### Conclusion

The proposed system is capable to interface to a clinical MR system. While this approach can intrinsically not overcome the limitations of procedures performed by the host system, like limited gradient strength or excitation pulse bandwidth, imaging with an acquisition delay below $2\,\mathrm{\text{µ}s}$ was realized. Where in our case, the method was used to show the feasibility to run UTE and ZTE, other important applications may be in the field of testing dedicated coils, not fitting to the standard coil interface of clinical scanners [8] or further investigation of advanced filter concepts as proposed by other groups [9-12].

### Acknowledgements

This project has received funding from the German research foundation under grant agreement RA 1960/9-1. The authors thank the Ulm University Center for Translational Imaging MoMAN for its support.

### References

[1] Brittain J., et al. Ultra-Short TE imaging with Single-Digit (8μs) TE, ISMRMR 11, (2004)

[2] Bracher A., et al. Feasibility of ultra-short echo time (UTE) magnetic resonance imaging for identification of carious lesions, MRM 66,(2011) 538 − 545.

[3] Robson M., et al. Magnetic Resonance: An Introduction to Ultrashort TE (UTE) Imaging, JCAT 27, (2003) 825 − 846.

[4] Hafner, S. Fast Imaging in Liquids and Solids with the Back-projection Low Angle ShoT (BLAST) Technique, MRI 12, (2012) 1047 − 1051.

[5] Madio, D., et al. Ultra-Fast Imaging Using Low Flip Angles and FIDs, MRM 34, (1995) 525 − 529.

[6] Weiger, M., et al. ZTE Imaging in Humans, MRM 70, (2013) 328 − 332.

[7] Weiger, M., et al. High-resolution ZTE imaging of human teeth, NMR in Biomedicine 25, (2011) 1144 − 1151.

[8] Horneff, A., et al. An EM simulation based design flow for custom-built MR coils incorporating signal and noise, IEEE TMI 37, (2017)527 − 535.

[9] Weiger, M., et al. Exploring the Bandwidth Limits of ZTE Imaging: Spatial Response, Out-of-Band Signals, and Noise Propagation, MRM74, (2015) 1236 − 1247.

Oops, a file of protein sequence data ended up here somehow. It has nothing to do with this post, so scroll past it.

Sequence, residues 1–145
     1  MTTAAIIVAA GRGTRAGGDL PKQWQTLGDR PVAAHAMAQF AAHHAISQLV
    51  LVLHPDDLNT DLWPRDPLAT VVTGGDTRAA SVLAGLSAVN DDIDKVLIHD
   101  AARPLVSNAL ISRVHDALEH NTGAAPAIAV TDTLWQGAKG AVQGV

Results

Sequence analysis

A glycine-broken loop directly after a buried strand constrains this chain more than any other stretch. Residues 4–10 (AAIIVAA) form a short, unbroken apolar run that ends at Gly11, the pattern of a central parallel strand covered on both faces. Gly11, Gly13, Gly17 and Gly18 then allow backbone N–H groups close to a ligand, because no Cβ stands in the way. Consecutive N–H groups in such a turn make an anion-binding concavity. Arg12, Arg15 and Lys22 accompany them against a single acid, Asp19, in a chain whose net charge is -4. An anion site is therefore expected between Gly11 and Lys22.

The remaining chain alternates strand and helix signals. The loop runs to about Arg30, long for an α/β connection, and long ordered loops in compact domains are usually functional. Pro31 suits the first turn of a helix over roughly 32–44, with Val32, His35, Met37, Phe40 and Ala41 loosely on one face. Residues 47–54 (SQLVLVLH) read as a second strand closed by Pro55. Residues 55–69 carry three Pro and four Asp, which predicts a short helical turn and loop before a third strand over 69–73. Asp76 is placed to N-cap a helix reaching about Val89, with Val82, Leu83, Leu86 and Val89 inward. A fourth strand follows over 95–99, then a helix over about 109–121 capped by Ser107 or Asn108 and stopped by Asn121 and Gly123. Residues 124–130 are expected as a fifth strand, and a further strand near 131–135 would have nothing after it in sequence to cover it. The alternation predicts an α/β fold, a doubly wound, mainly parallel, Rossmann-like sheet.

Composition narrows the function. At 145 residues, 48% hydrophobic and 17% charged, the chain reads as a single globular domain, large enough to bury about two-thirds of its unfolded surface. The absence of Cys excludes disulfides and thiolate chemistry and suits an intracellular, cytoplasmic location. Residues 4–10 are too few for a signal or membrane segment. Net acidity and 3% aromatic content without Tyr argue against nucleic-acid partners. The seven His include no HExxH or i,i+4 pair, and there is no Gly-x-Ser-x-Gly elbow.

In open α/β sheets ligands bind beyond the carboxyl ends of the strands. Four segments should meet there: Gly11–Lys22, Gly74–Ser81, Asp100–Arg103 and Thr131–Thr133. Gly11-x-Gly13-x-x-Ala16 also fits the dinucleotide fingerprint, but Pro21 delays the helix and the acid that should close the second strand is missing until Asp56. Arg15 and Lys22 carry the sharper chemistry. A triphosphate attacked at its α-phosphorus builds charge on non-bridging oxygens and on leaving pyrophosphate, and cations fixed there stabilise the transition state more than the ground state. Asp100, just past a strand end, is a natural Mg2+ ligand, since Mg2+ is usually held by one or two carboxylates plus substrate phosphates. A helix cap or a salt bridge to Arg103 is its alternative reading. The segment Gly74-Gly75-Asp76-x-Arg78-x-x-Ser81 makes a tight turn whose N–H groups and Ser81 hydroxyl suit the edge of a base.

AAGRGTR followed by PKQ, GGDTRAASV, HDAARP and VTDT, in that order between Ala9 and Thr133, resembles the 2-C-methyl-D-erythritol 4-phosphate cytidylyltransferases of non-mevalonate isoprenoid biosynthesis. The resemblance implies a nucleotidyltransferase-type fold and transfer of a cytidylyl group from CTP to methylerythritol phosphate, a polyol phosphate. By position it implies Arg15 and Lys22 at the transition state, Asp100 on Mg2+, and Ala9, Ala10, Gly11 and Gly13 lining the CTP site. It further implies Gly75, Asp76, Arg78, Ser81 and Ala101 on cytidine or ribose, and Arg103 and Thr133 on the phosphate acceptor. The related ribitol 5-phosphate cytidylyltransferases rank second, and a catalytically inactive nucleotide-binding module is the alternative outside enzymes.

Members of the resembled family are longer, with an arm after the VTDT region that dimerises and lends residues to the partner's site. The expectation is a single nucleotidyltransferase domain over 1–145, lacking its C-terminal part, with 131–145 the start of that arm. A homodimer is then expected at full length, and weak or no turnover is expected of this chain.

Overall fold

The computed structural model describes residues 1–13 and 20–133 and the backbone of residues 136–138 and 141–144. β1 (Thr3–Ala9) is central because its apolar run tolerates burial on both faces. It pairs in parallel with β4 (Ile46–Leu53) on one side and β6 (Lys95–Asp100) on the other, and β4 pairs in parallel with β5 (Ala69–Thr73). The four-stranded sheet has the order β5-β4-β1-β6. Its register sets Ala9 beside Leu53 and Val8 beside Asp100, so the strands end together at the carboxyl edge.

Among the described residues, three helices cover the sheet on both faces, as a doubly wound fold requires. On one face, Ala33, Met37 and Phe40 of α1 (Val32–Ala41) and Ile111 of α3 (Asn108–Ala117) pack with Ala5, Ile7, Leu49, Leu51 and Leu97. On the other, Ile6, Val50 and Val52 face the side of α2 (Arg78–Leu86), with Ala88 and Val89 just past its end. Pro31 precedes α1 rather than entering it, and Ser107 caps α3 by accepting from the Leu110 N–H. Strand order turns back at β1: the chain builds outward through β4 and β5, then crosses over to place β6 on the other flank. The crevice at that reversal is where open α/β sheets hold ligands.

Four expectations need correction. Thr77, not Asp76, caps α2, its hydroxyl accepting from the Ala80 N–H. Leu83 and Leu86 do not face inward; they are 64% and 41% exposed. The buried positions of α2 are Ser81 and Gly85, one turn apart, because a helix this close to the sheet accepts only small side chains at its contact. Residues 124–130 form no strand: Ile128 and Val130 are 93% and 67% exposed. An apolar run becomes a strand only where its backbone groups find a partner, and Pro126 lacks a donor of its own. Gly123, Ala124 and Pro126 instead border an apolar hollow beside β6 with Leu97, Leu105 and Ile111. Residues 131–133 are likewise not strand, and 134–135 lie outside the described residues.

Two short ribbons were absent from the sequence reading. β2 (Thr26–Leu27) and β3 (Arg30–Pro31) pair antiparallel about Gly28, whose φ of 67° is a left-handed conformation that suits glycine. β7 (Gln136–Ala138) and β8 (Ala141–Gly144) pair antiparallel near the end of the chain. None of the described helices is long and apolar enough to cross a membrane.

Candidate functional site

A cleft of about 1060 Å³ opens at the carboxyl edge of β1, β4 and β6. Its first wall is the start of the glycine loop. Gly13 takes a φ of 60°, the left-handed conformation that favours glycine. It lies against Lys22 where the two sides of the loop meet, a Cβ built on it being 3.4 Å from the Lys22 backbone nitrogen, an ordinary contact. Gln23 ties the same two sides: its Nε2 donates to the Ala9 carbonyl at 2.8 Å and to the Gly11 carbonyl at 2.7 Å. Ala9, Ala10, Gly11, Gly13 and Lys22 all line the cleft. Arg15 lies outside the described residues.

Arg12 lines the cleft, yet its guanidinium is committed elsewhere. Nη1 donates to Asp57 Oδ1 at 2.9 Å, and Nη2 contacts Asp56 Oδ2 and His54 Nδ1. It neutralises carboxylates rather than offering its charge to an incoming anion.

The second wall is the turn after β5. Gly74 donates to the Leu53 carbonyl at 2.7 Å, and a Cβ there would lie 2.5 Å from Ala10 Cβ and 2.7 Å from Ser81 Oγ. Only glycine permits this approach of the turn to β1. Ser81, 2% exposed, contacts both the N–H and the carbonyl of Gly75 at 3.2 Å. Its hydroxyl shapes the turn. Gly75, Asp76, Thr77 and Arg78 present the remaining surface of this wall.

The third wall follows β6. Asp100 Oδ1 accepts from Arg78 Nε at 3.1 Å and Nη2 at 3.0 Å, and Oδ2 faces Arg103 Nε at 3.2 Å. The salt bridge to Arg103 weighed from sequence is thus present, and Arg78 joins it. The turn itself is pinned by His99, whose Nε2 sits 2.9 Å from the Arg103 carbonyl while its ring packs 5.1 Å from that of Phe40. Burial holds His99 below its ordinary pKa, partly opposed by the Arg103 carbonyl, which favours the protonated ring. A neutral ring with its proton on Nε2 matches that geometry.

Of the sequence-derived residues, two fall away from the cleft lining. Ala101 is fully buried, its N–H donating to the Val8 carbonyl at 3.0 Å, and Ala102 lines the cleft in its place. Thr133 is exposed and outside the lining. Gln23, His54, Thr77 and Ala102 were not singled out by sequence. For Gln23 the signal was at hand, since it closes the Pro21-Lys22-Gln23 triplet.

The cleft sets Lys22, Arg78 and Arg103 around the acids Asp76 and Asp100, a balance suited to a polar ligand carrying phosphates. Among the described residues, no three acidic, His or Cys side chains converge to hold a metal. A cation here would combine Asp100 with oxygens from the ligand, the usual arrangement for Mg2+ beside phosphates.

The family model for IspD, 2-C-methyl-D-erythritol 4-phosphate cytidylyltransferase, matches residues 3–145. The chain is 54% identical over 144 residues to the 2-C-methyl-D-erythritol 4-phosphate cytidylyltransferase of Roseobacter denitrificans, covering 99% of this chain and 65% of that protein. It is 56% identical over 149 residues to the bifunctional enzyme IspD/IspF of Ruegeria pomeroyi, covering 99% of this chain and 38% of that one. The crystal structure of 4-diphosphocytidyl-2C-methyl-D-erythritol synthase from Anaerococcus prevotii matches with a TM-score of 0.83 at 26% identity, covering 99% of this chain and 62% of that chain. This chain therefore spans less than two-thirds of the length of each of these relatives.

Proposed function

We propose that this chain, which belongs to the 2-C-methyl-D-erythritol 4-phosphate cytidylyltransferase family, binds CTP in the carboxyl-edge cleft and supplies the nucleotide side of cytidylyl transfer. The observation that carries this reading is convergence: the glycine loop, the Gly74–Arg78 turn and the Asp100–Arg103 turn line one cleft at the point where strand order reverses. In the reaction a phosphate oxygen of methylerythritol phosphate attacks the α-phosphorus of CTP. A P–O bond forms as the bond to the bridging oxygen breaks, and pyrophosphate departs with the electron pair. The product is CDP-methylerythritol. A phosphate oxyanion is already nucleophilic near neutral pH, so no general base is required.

[10] Kuethe D., et al. Transforming NMR Data Despite Missing Points, JMR 139, (1999) 18 − 25.

[11] Froidevaux R., et al. Filling the dead-time gap in zero echo time MRI: Principles compared, MRM 79, (2018) 2036 − 2045.

[12] Marjanovic J., et al. Multi-Rate Acquisition for Dead Time Reduction in Magnetic Resonance Receivers: Application to Imaging WithZero Echo Time, IEEE TMI 37, (2018) 408 − 416.

### Figures

Experiment overview, hosted by a clinical MR system (MRI), connected via two isolated lines (ISO) to provide synchronization and a common time base. The receive-only coil is detuned with a fast PIN-diode-driver (PDD) and the received signal is amplified using a pre-amplifier (PRE). To improve signal isolation an RF switch is introduced, before analog down conversion (MIX) using the local oscillator frequency (LO). To make use of the full dynamic range of the analog to digital converter (ADC) a configurable attenuator (ATT) is introduced followed by a low noise amplifier (LNA). The digital data is processed with our in-house developed reconstruction framework (RECO).

A three component eraser attached to a tangerine was used as imaging object and place in the iso-center. The red and white eraser components show a short $\mathrm{T}_\mathrm{2}^\mathrm{*}$, the blue eraser component adds an ultrashort $\mathrm{T}_\mathrm{2}^\mathrm{*}$ material. The long $\mathrm{T}_\mathrm{1}$ and $\mathrm{T}_\mathrm{2}^\mathrm{*}$ values of the tangerine are used for host pre-scans.

The picture shows the same coronary slice through the examined object. Image a) was acquired with an acquisition delay of $t_{\mathrm{ad}} = 136.2\,\mathrm{\text{µ}s}$. Image b) was acquired with an acquisition delay of $t_{\mathrm{ad}} = 1\,\mathrm{\text{µ}s}$. No difference in the long $\mathrm{T}_\mathrm{2}^\mathrm{*}$ tissue of the tangerine can be observed. While there is a significant difference in the short $\mathrm{T}_\mathrm{2}^\mathrm{*}$ component of the eraser. In image a) some signal from the white center component of the eraser can be noticed in the ultrashort $\mathrm{T}_\mathrm{2}^\mathrm{*}$ area.

The picture shows the same saggital slice through the examined eraser. Image a) was acquired with an acquisition delay of $t_{\mathrm{ad}} = 136.2\,\mathrm{\text{µ}s}$. Image b) was acquired with an acquisition delay of $t_{\mathrm{ad}} = 1\,\mathrm{\text{µ}s}$. In c) the differential image of both is shown. The signal gain due to the reduced acquisition delay is clearly visible, especially in the upper part, which is the ultrashort $\mathrm{T}_\mathrm{2}^\mathrm{*}$ component.

The picture shows a ZTE image using an acquisition delay of $t_{\mathrm{ad}} = 1\,\mathrm{\text{µ}s}$. Note, that the ZTE acquisition is based on a different tangerine. The loss in SNR compared to the UTE images is caused by the wider filter bandwidth used for reconstruction. Also there might be some residual unspoiled transverse magnetization.

Proc. Intl. Soc. Mag. Reson. Med. 27 (2019)
1560